Tiny, small-displacement sportbikes are all the range across the Asian market. Thanks to their aggressive and sporty styling, yet docile and tractable engines, these sporty little commuters are a very common sighting in heavily urbanized cities such as Kuala Lumpur. Bikes like the Yamaha YZF-R15 and the Honda CBR150R have enabled motorcycle enthusiasts to ride a bike similar in styling to that of their MotoGP heroes on a daily basis.

While mainstream manufacturers such as Yamaha, Honda, and Suzuki dominate the sub-200cc sportbike segment in the Asian market, new players such as CFMoto, Loncin, and GPX are beginning to make their presence felt in this fast-growing subsegment of motorcycling. Thai manufacturer GPX has in fact launched a brand new entry-level sportbike dubbed the Demon GR200. Now, this little sportbike comes equipped with a Chinese-sourced 200cc liquid-cooled, single-cylinder engine which pumps out a decent 19 horsepower.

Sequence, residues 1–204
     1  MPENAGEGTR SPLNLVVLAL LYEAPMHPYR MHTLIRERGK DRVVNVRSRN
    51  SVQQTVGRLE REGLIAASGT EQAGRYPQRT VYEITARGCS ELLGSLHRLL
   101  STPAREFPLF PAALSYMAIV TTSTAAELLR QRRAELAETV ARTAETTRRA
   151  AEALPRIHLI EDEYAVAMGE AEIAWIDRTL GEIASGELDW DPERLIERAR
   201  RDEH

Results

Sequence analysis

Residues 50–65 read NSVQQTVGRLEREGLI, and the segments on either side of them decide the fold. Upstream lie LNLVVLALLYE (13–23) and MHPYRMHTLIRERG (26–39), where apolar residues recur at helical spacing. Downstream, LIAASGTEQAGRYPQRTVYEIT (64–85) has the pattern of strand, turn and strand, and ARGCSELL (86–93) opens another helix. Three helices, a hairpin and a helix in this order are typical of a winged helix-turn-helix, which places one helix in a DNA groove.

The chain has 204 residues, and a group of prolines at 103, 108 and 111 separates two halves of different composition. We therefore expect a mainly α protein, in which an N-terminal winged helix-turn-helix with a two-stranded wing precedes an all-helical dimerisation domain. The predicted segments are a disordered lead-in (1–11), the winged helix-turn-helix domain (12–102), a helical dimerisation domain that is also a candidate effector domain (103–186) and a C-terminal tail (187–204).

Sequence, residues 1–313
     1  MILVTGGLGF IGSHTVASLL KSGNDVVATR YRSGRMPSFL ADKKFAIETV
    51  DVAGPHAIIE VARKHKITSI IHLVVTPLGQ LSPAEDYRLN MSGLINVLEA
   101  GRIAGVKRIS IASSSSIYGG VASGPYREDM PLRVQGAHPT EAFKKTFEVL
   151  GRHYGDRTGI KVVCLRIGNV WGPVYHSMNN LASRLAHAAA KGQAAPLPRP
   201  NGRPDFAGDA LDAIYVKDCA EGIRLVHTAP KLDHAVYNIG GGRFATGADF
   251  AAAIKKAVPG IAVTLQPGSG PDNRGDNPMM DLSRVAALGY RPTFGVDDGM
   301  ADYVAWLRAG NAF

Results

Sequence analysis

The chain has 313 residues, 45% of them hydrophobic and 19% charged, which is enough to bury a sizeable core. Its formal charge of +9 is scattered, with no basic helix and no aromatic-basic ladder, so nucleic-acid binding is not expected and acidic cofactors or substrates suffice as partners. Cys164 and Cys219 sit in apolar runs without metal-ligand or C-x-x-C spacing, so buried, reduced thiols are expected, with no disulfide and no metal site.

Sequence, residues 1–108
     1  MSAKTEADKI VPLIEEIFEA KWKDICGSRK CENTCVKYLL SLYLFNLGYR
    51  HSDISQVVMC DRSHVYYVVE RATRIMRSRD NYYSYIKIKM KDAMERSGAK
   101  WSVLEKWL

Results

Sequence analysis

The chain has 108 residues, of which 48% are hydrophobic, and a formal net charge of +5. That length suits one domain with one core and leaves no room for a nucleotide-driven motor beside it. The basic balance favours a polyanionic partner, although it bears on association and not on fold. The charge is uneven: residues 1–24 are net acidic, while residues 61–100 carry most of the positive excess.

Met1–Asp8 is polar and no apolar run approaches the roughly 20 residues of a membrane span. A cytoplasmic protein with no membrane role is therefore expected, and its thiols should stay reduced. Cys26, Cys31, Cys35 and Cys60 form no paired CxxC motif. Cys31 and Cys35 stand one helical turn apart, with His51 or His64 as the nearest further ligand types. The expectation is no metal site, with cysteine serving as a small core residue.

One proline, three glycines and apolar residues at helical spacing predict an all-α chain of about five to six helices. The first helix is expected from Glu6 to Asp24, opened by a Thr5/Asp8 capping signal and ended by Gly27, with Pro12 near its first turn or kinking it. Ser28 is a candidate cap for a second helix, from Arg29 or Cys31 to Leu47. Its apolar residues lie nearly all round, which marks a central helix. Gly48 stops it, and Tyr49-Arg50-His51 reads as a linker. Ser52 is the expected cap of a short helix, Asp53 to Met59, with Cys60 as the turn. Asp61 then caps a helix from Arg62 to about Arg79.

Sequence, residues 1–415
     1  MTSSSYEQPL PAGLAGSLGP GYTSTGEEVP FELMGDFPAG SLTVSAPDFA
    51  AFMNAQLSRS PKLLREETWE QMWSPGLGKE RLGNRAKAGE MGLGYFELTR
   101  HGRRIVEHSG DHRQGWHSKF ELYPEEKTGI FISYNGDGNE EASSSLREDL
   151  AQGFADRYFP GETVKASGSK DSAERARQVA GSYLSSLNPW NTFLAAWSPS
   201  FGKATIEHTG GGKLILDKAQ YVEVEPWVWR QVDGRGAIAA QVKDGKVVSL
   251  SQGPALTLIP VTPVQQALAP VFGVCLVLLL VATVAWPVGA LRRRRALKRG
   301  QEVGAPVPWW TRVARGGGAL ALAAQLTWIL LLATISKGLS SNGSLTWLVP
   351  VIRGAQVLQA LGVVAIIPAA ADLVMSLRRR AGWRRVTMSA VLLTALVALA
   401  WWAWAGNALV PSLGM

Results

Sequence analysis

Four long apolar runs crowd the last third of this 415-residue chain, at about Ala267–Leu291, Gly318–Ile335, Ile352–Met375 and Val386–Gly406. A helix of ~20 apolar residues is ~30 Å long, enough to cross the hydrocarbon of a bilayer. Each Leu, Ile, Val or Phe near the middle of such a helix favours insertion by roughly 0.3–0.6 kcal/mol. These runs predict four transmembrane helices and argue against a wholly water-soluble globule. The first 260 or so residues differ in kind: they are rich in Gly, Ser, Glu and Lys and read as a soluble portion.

The GPX Demon GR200 Is An Angry Little Sportbike

 It's clear to see that the Demon GR200's performance figures don't really do justice to its namesake. However, the bike's styling certainly does. At a glance, you could be deceived to think that this bike has more than just a 200cc single-cylinder engine underneath the fairings. Employing aggressive, angular lines, the GPX Demon GR200's styling is akin to that of the Yamaha YZF-R1's front fascia, with its angry LED headlights. Its side profile, on the other hand, is extremely sharp and streamlined, making this entry-level sportbike look like it's perfectly at home shredding laps at the Sepang International Circuit. 

The GPX Demon GR200 makes use of a steel trellis frame, and the engine as a stressed member. This setup significantly reduces the bike's overall weight, tipping the scales at just 155 kg ready to ride. The bike comes with a set of flashy, gold-anodized inverted forks, as well as a preload-adjustable rear monoshock from YSS. Priced at RM 11,388, or the equivalent of $2,780, this bike competes with the likes of the CFMOTO 250SR and the KTM RC 200, undercutting the two bikes in terms of price by a significant margin. 

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